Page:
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Literature CfPs for RSA 2019 Toronto
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This blog is for CfPs for sessions in literature for RSA 2019 Toronto. Members may post CfPs here: sign in to RSA and select "add new post" to do so. Your post should include a title, and the CfP itself should be no longer than 250 words. Adding tags (key words) to your post will help others find your CfP. Make sure the CfP includes the organizer's name, email address or mail-to link for email address, and a deadline for proposals. Non-members may email rsa@rsa.org to post a CfP. Please use the email address of the session organizer posted in the CfP to submit a paper proposal. CfPs are posted in order of receipt, with the newest postings appearing at the top of the blog. Members may subscribe to the blog to be notified when new CfPs are posted: click on the word Subscribe next to the green checkmark above.

 

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Top tags: Literature  early modern  gender  book history  Poetry  material culture  print culture  Renaissance literature  drama  Iberian Peninsula  identity  women  epic poetry  history of reading  printers  reception history  religion  archival research  art history  catholic reform  classical literature  classical reception  colonial Latin America  cultural history  devotional  digital humanities  history of the book  interdisciplinary  Italian literature  Italy 

Printing, Reception, Editing, and Teaching Thomas More and Early Humanists

Posted By Emily A. Ransom, Tuesday, July 24, 2018

The Amici Thomae Mori is excited to welcome proposals for papers on Thomas More studies to coincide with the publication of the new Essential Works of Thomas More (Yale University Press, 2019).  This single-volume, accessible, readable edition will be the third major collection of More’s works in nearly five hundred years, after the 1557 Workes published by More’s nephew William Rastell and the Yale Complete Works in fifteen volumes completed in 1997. Though papers on all areas of Thomas More studies will be considered, the Amici is especially interested in topics that will complement this important publication, such as print history of humanist texts, reception history of Thomas More and early humanists, editing humanist texts, and teaching humanist texts in the modern classroom.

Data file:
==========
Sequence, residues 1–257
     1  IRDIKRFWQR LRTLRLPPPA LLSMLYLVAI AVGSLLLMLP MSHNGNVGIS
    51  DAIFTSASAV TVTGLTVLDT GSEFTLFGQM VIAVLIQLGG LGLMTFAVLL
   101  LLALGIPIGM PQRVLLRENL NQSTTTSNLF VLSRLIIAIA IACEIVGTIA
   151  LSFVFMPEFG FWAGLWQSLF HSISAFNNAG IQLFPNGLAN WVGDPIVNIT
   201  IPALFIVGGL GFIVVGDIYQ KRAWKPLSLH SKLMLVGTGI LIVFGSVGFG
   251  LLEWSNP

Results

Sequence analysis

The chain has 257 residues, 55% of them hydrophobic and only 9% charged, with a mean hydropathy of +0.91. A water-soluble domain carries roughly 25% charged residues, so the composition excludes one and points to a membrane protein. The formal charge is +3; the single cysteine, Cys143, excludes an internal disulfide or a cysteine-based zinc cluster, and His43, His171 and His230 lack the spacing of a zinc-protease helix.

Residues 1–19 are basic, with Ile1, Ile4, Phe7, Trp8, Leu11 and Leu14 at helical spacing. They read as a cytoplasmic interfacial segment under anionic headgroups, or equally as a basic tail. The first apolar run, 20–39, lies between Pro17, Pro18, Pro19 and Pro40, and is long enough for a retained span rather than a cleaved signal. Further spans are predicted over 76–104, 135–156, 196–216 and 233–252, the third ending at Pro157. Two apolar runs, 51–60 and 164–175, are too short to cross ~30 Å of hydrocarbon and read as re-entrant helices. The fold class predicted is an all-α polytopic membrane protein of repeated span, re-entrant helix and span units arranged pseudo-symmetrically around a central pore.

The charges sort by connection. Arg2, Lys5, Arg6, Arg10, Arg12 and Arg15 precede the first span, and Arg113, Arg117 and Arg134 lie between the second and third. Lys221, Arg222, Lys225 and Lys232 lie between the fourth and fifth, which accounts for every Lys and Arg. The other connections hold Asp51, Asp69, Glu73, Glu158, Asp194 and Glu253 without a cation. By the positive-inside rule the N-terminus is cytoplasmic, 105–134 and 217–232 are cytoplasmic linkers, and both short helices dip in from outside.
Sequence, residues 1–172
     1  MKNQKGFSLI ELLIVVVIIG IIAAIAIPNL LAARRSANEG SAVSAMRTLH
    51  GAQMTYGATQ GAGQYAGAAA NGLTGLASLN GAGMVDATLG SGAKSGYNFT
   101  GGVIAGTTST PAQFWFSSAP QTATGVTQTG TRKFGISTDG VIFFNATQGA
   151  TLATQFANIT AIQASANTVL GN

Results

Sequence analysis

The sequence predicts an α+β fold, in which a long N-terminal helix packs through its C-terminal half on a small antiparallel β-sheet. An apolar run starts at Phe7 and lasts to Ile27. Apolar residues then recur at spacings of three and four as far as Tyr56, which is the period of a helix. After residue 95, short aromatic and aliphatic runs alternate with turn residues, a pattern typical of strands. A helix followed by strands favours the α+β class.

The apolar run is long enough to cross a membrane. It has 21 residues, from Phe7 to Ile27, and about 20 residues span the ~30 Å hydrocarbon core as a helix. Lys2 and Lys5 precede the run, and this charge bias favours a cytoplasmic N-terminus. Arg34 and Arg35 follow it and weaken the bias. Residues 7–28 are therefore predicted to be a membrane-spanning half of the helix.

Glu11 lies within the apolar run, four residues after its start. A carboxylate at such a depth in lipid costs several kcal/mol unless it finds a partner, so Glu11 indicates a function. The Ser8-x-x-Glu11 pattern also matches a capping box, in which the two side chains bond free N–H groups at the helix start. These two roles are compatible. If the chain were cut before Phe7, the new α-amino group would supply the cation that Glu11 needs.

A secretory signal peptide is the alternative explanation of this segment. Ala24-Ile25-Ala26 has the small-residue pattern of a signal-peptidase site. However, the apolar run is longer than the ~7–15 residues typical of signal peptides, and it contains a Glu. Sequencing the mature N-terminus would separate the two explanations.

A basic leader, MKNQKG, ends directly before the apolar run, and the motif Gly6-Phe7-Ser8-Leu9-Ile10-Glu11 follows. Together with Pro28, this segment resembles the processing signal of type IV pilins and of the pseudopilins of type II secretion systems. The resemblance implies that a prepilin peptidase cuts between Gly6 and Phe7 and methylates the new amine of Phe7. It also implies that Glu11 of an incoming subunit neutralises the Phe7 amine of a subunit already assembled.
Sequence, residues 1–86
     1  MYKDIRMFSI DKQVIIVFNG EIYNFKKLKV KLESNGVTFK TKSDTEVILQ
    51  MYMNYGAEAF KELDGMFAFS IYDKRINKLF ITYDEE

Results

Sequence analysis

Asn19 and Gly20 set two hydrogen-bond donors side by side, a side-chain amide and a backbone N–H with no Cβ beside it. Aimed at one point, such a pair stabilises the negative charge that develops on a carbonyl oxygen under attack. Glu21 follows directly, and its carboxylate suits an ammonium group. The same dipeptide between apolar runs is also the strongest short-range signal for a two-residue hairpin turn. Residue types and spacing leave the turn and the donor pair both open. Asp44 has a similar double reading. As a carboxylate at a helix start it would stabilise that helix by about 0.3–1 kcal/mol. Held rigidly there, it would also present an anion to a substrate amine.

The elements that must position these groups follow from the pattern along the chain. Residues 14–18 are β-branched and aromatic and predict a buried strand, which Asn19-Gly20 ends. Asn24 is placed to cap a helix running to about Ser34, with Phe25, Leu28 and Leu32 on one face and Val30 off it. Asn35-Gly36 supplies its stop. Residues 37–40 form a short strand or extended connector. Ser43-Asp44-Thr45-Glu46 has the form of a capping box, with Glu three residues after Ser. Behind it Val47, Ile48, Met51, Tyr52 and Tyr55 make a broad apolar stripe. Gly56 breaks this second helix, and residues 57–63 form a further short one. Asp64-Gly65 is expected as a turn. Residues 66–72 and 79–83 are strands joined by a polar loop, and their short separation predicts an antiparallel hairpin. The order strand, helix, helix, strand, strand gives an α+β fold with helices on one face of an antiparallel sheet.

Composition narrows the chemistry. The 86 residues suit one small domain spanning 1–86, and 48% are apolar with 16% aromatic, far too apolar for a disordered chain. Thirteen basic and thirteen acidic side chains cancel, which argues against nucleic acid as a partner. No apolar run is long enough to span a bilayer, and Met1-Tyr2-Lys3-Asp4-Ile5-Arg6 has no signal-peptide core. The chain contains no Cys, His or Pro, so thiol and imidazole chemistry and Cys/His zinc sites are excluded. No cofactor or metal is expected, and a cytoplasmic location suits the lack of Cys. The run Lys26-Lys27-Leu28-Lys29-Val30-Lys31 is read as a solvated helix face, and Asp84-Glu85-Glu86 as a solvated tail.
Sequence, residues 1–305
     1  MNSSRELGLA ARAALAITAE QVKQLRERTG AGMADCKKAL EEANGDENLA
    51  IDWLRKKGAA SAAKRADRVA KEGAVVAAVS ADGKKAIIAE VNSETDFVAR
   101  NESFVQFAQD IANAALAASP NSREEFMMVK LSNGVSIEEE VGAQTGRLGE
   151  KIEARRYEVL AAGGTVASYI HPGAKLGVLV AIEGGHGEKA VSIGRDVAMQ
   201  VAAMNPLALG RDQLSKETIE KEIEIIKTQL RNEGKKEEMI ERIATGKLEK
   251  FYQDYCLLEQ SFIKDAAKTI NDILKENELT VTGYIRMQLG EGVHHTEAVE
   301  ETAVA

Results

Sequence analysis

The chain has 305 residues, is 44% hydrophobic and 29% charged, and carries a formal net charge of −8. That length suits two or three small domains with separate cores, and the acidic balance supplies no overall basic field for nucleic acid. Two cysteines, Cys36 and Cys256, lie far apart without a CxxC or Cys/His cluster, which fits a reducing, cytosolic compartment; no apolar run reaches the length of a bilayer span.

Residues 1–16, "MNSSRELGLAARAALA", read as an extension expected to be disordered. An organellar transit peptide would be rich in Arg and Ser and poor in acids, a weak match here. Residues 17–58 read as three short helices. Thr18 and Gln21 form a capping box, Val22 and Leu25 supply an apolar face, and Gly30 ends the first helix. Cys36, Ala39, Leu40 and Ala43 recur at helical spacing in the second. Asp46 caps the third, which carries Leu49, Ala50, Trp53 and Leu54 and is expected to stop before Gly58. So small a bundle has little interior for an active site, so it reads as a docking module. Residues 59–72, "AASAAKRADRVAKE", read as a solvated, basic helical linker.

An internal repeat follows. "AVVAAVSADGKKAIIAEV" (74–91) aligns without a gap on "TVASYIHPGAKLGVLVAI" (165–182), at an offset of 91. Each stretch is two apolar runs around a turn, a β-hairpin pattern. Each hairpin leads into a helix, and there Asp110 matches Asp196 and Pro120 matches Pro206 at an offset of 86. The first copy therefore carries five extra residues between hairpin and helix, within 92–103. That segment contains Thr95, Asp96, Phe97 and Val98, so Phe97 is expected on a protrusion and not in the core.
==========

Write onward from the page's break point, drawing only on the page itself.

To submit a paper, please send your title (15-word max), abstract (150-word max), a few keywords, CV, PhD completion date (past or expected), and affiliation to Emily Ransom (ransome@uwgb.edu) by August 10, 2018.  

Tags:  archival research  archives  book history  catholic reform  circulation  devotion  devotional  editing  hagiographical  history of the book  manuscript  Manuscript Culture  networks  pedagogy  print culture  printers  readers  Reception  reception history  transmission  women; hagiography 

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Fraud, Mockery, Jest, and Cony-Catching in the Early Modern Period

Posted By Ani Govjian, Friday, July 20, 2018

Fraud, Mockery, Jest, and Cony-Catching in the Early Modern Period

To what extent is a jest also a lie? Are frauds funny? Taking a cue from “mockery” as mimic, sham, and spoof, this panel is interested in the ways fraud, imposture, and deceit function as ludic entertainment – whether intentionally or as byproduct.

This panel invites submissions that consider the jocularity of fraud, counterfeit, trickery, disguise, quackery, and cozenage. Papers are welcome to explore the theme in regards to:

-  Material culture including trick objects like blow books, mock almanacs, or fraudulent copies of famous works

Gendered experiences of deception or artifice

-  Jestbooks, ludic ballads, mock pamphlets

-  Mountebanks, street performers, gambling games, and pick-pockets

Medicine, especially the preoccupation with quack physicians

Natural philosophy and debates pushing back against charges of superstition

-  Magic, either through a focus on prestidigitation or representations and discussions of witchcraft

Satire

parody

Religious debates including displays of anti-Catholic sentiment and fears as well as fetishizations of “Popery”

-  Theatre, stagecraft, and/or anti-theatrical sentiment

 

Proposals should be for 20-minute papers, and should include:

    title for the paper

    abstract of 150 words

    1-page CV

    current contact information

    A/V requirements

 

Submit proposals to agovjian@live.unc.edu by Friday, August 10, 2018. Subject line: “RSA – Fraud and Mockery.”